I’m not very religious. Growing up, I remember my family going to church occasionally; I was confirmed Methodist, for all the good it did.. Then it became Christmas, Easter, and whenever my grandparents were in town. Then my grandparents stopped traveling, and it became Christmas and Easter. Then Easter fell by the wayside and it was just Christmas. These days, I’m pretty much just an agnostic . . . but Christmas has stayed.
Because the Christmas Eve service is sacred to me, in a way that has nothing to do with Christianity or even necessarily with religion. Not the whole service, really — just the end. Where they light the candles from the central one and come down the aisles to light yours in turn, and then you light your neighbor’s candle and they light their neighbor’s and so on, and the sanctuary goes dark except for those little flickering flames, and everyone is singing.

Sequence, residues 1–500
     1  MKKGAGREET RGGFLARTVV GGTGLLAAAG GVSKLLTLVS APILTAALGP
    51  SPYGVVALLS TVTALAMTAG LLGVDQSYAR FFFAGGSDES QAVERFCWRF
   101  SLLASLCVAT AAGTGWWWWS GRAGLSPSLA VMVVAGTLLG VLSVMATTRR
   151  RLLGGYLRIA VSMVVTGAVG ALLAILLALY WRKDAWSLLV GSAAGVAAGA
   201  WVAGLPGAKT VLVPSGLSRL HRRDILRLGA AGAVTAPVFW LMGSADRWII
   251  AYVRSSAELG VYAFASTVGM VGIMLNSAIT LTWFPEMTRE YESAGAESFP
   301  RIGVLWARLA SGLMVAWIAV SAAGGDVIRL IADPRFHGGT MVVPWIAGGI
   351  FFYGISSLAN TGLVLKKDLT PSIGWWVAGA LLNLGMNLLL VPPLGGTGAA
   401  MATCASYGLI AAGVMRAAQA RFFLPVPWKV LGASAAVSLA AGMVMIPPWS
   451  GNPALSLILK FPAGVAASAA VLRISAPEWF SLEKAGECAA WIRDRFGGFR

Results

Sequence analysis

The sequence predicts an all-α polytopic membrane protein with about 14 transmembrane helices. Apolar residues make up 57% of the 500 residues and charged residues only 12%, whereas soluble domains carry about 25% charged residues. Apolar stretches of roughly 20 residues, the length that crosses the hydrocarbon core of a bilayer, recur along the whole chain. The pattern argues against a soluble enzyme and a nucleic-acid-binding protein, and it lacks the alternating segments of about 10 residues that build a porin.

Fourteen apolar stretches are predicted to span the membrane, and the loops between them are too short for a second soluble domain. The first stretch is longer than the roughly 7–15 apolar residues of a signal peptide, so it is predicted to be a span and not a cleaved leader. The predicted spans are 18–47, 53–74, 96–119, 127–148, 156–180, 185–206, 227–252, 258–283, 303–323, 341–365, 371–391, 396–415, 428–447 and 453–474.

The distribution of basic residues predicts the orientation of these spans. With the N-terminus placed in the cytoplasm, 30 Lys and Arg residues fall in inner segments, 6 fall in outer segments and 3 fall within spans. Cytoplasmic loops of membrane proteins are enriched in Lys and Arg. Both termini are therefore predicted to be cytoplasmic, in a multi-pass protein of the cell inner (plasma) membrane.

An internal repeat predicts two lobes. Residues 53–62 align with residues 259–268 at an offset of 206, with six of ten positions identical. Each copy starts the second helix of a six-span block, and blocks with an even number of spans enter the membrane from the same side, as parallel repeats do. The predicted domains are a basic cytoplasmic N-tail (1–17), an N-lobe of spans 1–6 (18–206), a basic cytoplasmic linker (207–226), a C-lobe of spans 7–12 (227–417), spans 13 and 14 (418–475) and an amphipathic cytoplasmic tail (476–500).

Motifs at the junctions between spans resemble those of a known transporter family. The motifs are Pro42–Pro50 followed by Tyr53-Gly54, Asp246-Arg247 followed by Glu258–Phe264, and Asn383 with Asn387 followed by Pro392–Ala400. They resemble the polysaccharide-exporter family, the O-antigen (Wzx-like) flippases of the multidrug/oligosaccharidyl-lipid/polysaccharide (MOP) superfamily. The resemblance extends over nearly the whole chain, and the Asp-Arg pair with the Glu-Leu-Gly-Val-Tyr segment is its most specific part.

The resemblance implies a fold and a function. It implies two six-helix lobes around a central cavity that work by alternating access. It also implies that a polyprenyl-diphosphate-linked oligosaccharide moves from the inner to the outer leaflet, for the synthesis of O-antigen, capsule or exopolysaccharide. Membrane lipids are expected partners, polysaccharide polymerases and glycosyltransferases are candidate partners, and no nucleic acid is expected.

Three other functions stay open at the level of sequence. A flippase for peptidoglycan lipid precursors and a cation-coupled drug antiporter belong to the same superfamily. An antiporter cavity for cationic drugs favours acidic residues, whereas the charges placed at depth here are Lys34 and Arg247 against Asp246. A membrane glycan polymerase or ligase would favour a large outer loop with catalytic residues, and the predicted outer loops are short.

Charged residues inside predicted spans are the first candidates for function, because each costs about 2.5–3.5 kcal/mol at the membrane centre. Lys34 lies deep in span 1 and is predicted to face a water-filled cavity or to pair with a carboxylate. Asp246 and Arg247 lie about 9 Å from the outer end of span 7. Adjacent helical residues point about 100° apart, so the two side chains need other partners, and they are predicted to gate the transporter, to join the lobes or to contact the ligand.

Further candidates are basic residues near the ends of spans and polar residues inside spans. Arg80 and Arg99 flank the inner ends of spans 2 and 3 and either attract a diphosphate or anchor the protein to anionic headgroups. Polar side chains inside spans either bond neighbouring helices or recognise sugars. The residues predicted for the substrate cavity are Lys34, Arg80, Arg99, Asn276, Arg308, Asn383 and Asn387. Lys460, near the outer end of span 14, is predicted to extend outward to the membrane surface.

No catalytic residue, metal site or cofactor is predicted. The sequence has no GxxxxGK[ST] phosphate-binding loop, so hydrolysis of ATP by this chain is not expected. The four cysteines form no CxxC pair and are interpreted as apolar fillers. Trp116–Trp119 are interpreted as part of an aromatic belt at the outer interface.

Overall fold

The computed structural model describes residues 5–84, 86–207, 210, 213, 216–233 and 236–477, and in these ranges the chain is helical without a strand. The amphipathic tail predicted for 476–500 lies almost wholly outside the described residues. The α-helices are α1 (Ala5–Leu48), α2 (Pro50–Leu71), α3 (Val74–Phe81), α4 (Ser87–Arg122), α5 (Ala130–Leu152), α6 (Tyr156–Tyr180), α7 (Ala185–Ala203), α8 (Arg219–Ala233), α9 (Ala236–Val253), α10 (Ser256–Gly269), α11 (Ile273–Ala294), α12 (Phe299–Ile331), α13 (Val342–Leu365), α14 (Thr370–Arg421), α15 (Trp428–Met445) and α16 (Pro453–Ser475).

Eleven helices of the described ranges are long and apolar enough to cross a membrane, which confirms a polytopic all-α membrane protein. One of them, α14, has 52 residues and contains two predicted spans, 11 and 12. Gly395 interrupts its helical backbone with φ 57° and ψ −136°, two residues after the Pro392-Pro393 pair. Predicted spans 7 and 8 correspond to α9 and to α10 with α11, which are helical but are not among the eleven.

That’s sacred. Sharing light in the midst of darkness.
(The only way it could be more perfect is if it happened on the winter solstice.)
So I’ll keep going to Christmas Eve service, because I need that moment in the depths of winter. I need the candles and the darkness and the sharing and the singing. I will keep resenting the church we go to in Dallas, where they don’t turn off the stupid LCD screens at the front of the sanctuary that advertise upcoming events or what hymn you’re supposed to turn to next, because dammit, I want the only light around me to be the little flickering flames. I will keep sharing that flame in the depths of night.
Whatever religion you celebrate — or lack thereof — I wish you light in the darkness, and the company of neighbors.
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